John Kelly is 68, retired and lives in Melbourne. He holds a Bachelor of Communications degree majoring in Journalism and Media Relations. He is the author of four novels and one autobiography. He writes regularly on his own blog site, covering a variety of social, religious and political issues.
Some vital information here….
In 2014 The AIMN will be broadening the range of articles we bring to you. We have become very popular for our discussions on politics, media and climate change, as well as the short stories and book reviews we offer. In 2014 we will be introducing Camille McClane as a guest author who will be writing about Internet business opportunities, which I for one, and many of our authors and readers have a deep interest in. Here is Camille’s first article, The Gold Rush of Social Media: 8 Realities for Business. For those of you who have your own business or website, I hope you gain as much from this article as I have.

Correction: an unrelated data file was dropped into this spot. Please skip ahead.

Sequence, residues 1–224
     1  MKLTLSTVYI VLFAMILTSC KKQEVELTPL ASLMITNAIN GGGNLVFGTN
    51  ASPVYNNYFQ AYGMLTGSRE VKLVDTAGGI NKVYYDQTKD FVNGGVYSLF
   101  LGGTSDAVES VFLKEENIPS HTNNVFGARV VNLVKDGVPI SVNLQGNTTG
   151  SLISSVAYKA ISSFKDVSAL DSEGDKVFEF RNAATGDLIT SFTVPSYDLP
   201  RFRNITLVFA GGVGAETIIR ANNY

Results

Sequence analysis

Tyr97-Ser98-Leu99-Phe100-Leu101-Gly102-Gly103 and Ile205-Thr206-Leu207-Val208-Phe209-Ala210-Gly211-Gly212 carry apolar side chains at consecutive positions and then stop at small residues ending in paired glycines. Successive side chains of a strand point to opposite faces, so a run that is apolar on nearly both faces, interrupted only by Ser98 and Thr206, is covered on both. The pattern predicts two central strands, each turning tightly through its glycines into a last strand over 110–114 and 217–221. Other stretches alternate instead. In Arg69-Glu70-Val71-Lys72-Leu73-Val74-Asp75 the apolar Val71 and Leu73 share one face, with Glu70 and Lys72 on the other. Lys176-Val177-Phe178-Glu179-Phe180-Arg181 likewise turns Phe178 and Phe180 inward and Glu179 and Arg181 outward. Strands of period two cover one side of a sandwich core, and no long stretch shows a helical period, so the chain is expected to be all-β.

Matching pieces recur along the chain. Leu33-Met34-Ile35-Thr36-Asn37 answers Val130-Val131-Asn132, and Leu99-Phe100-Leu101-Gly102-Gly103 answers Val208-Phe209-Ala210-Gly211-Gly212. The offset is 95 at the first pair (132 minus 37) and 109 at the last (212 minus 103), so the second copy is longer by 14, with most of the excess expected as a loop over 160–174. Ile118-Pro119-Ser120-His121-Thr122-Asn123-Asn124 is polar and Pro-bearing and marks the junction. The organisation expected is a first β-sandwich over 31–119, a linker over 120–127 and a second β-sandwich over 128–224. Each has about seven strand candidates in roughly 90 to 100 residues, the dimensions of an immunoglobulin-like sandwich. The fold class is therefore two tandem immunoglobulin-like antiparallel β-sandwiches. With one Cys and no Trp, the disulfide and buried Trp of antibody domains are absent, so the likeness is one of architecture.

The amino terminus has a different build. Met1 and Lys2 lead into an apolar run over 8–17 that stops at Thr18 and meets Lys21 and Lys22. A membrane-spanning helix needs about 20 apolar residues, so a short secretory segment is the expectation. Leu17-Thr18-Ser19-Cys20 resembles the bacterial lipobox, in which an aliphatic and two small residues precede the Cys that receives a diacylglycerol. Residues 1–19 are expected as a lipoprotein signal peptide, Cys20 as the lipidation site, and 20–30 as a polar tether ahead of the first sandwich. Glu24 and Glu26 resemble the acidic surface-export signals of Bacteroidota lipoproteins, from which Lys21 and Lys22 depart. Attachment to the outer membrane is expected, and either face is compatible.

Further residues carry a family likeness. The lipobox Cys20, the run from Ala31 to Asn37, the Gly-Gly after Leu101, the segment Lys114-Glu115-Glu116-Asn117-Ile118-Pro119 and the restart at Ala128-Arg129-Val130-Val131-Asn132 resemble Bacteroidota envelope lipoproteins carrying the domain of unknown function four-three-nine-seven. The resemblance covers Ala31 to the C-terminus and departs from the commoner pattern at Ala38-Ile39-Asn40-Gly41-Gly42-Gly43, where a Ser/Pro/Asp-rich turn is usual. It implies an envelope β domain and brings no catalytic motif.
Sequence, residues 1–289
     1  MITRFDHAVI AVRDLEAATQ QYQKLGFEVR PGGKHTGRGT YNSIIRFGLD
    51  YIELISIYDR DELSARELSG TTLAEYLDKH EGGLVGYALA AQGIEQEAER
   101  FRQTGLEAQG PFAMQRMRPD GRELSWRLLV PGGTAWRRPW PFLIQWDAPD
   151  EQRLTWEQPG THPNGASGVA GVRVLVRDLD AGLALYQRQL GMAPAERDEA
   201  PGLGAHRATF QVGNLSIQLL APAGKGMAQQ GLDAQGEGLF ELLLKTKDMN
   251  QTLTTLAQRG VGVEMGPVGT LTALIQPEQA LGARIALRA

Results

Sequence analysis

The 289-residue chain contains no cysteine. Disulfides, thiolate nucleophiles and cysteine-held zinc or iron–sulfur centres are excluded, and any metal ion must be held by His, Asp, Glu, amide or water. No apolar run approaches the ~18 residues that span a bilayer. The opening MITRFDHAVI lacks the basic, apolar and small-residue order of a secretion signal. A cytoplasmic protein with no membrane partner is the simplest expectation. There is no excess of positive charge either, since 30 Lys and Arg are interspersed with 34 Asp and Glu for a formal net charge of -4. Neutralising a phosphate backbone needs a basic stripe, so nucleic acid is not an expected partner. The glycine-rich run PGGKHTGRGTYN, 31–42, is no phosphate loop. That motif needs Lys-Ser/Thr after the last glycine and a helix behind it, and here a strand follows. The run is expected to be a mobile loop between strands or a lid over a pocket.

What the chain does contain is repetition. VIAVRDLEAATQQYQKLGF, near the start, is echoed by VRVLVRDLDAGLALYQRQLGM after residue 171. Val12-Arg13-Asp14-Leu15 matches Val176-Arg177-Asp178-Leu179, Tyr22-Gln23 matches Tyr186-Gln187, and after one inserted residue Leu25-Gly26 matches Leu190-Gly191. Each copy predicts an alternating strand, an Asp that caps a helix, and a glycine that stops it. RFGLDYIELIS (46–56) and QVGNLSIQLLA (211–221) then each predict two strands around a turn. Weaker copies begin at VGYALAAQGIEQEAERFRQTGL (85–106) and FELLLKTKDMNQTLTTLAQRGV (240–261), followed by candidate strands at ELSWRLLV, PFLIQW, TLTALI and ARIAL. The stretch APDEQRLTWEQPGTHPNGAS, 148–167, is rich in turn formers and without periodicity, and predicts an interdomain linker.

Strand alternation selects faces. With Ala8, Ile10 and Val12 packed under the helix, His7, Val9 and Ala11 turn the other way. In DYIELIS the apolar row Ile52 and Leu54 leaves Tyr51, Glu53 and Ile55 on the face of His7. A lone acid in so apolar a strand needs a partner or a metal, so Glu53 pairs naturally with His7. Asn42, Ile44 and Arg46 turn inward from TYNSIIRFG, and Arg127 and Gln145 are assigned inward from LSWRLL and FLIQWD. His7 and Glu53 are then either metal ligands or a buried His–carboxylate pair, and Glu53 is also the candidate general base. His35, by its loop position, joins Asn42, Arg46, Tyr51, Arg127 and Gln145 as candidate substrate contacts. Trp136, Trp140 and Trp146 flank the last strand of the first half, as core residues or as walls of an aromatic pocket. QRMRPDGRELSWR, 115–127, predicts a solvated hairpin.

Websites can only be as good as the marketing content introduced. However, the recent developments in the parameters for search engines have required that websites provide higher-end content in order to be accessed easier online. The…
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Previously published by The Australian Independent Media Network on 18th December 2013
Many years ago, in the 1950s a reporter once asked the then British Prime Minister, Harold MacMillan what he most feared politically. MacMillan replied, “Events, dear boy. Events.” The same answer applies for what determines a government’s standing with the electorate. To both questions, however, I would add, “Timing.”